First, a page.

Retiring during market downturn? Top tips
Global stockmarkets have plummeted as thousands of people test positive for Covid-19 and the death toll rises on a daily basis.
While these are worrying times for all, for those retiring soon, it’s natural to be anxious as the market declines mean their retirement income has taken a hit.
WEALTH at work, which provides financial education and guidance in the workplace, lists these top tips for those in a defined contribution (DC) pension scheme looking to retire imminently:
1) Don’t cash out in panic: No one knows what is going to happen, but what we do know is that if you cash out now, you’ll not only be taking money out of your tax efficient pension but you may also lose out when markets recover.
2) Don’t pay unnecessary tax: As well as the risk of potentially selling at the bottom of the market, the other danger of cashing out is that you risk paying a lot of unnecessary tax. Usually only the first 25% of a DC pension is tax free. The remaining 75% is taxed as earned income. By taking your pension as a cash lump sum not only will you be selling when markets are low but you may end up with a big tax bill.
3) Consider delaying retirement or working part time: If you’re able to delay your retirement, it may be worth considering this. It would give some time for markets to hopefully recover, and give you more confidence in leaving the workforce.
4) Other sources of income in retirement: When it comes to retirement, there are many assets such as cash ISAs and general cash savings, which can be used as potential sources of income in addition to your pensions. If you want to give your pension some time to recover, you may want to use these other savings first.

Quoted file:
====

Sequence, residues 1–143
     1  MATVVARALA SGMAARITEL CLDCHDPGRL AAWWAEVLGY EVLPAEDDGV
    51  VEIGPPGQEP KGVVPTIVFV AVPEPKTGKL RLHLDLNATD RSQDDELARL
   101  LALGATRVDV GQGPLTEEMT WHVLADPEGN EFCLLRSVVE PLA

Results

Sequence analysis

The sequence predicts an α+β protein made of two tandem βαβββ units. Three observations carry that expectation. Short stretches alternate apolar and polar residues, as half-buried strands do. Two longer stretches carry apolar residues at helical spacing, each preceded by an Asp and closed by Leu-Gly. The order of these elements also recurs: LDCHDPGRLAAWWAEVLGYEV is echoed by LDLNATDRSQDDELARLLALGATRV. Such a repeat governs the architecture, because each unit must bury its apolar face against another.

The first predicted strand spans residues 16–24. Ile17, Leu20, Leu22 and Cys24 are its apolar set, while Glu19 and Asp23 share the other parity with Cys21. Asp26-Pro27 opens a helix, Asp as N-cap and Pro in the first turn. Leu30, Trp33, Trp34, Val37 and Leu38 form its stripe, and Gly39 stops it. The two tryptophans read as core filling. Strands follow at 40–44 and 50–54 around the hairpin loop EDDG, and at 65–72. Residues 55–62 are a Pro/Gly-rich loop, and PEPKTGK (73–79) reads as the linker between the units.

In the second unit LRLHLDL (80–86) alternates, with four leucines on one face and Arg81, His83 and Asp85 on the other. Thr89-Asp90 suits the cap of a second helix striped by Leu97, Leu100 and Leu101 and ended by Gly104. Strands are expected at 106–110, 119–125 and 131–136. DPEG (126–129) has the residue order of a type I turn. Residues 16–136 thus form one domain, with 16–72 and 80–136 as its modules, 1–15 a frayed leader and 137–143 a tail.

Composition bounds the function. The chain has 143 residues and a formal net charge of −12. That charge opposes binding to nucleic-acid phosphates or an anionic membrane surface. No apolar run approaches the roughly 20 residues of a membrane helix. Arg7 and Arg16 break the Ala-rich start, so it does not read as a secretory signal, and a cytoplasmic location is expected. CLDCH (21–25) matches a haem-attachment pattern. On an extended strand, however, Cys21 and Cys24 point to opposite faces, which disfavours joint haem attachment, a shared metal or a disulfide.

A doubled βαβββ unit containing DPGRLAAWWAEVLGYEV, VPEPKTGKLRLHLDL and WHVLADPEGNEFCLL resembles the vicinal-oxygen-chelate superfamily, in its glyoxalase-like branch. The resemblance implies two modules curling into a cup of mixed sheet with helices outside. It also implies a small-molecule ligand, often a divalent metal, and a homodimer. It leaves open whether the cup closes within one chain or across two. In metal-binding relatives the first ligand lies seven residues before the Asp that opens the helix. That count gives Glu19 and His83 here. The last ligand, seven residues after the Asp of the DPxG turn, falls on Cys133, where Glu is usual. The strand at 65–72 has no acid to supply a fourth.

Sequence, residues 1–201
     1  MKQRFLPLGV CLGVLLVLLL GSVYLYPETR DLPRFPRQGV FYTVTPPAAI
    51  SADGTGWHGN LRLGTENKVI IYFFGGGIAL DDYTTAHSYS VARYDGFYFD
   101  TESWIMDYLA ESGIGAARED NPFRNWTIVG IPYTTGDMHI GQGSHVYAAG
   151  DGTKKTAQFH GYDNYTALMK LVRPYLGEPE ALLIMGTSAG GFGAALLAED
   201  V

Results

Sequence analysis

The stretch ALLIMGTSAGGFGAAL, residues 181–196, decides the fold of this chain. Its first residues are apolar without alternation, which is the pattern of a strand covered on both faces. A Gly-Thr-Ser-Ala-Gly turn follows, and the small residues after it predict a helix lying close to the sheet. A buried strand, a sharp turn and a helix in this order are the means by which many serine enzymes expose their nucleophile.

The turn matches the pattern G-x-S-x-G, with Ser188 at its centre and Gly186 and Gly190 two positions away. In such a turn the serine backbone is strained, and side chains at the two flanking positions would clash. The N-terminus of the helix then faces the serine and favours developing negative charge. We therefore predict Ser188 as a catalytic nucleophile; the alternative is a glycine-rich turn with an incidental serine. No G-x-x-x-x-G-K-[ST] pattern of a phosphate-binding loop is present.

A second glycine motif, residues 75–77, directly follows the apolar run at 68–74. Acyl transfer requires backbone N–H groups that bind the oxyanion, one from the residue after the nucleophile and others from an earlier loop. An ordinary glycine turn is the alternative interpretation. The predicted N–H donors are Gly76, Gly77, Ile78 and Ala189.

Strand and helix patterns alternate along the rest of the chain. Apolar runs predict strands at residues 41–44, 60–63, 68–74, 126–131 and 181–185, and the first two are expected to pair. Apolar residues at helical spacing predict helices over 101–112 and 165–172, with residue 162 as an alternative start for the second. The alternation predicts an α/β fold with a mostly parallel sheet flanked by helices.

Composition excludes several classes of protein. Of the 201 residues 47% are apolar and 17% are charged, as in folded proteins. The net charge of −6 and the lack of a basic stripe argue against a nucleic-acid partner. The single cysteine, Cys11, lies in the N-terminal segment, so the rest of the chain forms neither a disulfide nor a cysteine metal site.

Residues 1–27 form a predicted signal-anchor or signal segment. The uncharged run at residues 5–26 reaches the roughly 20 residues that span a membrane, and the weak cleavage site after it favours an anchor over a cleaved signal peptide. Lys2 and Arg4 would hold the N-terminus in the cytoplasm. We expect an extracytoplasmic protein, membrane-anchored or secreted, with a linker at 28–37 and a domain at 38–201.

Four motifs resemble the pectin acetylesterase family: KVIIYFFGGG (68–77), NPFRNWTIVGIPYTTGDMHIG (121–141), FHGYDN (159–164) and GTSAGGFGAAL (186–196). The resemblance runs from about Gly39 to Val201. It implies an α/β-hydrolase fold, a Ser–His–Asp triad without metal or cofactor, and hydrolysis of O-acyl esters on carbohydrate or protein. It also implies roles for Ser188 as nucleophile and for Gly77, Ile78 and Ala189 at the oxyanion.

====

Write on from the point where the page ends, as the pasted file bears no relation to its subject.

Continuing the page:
5) Shop around: Make sure you shop around before you purchase any retirement products. The city watchdog, the Financial Conduct Authority, found that those who go into income drawdown could increase their annual income by 13% by switching from a higher cost provider to a lower cost provider. It is important to not only check fees, but make sure it suits your needs, and that you can withdraw cash as and when you want it, and for as long as you need it.
6) Regulated financial advice can be an investment: Talking to a regulated financial adviser can be reassuring in these concerning times, and can actually cost the same, if not less than buying retirement products, such as annuities, through some online brokers. It can also be seen as an investment as an adviser will look at all of your assets, work out the most tax efficient way for you to fund your retirement and then put a bespoke plan in place for you, which will support you throughout retirement.
7) Protect yourself from scams: Unfortunately, during these turbulent times when people are concerned and vulnerable, scammers see an opportunity. It is important to be on your guard. Scammers tend to sound completely legitimate when they contact you. It’s easy to see why so many people are fooled, and it isn’t small amounts of money which are being taken.
Findings from the FCA and The Pensions Regulator show that victims of pension scams could lose 22 years’ worth of savings within 24 hours. So, whatever you’re planning to do with your retirement savings, it’s vital to check whether the company you’re planning to use is registered with the FCA. You can also visit the FCA’s ScamSmart website which includes a warning list of companies operating without authorisation or running scams.
Jonathan Watts-Lay, director at WEALTH at work, said: “If you are due to retire soon, these volatile markets are understandably concerning, but it important not to panic.
“Instead, consider using your state pension and other assets for income in the short-term, or even consider delaying your retirement, to give your pension time to recover.
“Probably the most important investment you could make is to engage with a regulated financial adviser who can take your personal situation and objectives into account and come up with a sensible plan. You may find that regulated financial advisers can be accessed via your employer or pension scheme so this is a good place to start.”